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In 1993, the relationship between Prince and Warner Bros. Records had plunged to a new low. An erosion of trust between them was sparked by the contract the pair signed in 1992 for a record £100m, the highest amount paid to any performer let alone solo act. The restrictive terms, as Prince saw them, transferred Warner too much control over Prince’s music and recording ambitions. But with his Paisley Park Studios costing $6m a year to run, Prince, in little position to bargain, signed the contract. With his label Paisley Park Records a Warner Brothers entity, Prince’s calls to release more music, at the time Warner preferred that he reduce output in order to enhance sales, Prince felt trapped. He reacted by founding his wholly owned and independent label in 1993, which he named NPG Records. Prince appointed trusted friend and New Power Generation band member, Levi Seacer Jr., its first President of Operations.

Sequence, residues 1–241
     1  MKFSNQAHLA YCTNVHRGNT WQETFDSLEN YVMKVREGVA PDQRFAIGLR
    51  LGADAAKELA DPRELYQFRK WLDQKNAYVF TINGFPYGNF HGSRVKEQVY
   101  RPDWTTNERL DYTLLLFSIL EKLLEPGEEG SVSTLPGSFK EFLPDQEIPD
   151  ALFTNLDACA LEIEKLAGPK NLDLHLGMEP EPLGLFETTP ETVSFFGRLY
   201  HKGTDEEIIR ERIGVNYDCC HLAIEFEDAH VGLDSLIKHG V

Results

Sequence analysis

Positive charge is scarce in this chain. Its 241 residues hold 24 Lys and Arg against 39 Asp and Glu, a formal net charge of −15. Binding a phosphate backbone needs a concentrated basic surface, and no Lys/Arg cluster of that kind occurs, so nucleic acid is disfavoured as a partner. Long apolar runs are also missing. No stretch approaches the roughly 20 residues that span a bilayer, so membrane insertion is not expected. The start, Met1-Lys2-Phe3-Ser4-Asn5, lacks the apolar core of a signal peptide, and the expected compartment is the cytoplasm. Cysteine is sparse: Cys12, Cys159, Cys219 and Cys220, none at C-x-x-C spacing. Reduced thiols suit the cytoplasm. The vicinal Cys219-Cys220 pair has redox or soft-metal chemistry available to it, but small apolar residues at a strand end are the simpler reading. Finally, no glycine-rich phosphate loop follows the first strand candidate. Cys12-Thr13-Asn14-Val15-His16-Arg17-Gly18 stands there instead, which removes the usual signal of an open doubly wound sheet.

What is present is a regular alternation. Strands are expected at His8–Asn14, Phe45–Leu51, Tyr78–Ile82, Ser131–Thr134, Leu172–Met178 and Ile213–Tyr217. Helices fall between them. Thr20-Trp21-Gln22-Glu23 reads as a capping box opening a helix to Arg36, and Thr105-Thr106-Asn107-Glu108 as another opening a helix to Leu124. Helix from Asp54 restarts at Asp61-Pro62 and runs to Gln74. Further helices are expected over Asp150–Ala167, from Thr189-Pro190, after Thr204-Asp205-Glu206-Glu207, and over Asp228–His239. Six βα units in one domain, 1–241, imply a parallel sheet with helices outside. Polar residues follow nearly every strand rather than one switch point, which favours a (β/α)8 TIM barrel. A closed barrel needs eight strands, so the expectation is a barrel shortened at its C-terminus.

The first release by NPG Records was GoldNigga, an album credited to Prince’s band the NPG, to hide his involvement on it. It was sold at concerts of the Act II Tour in the summer of 1993. The album’s distribution was nonetheless operating at the scale of a cottage industry, but could not have made clearer to Warner of Prince’s intention to continue releasing music through NPG Records. When seeking Warner’s permission to issue his first commercial release with NPG Records, Warner politely obliged but that he release one song only. That song happened to be The Most Beautiful Girl In The World, which Prince recorded in September 1993, but with no distribution network to speak of, he reached an arrangement with Bellmark Records an independent music distribution house in LA. The single was released on 9 February 1994 and was a seismic moment in his career. The song peaked at number 3 in the US singles chart, but struck number 1 in the UK – his first single ever to top the UK charts. The song became a considerable success and an unexpected boost to Prince’s ambitions as an independent artist. When Warner eventually released the album for which the single was written, The Gold Experience on 26 September 1995, NPG Records crucially received the production credit.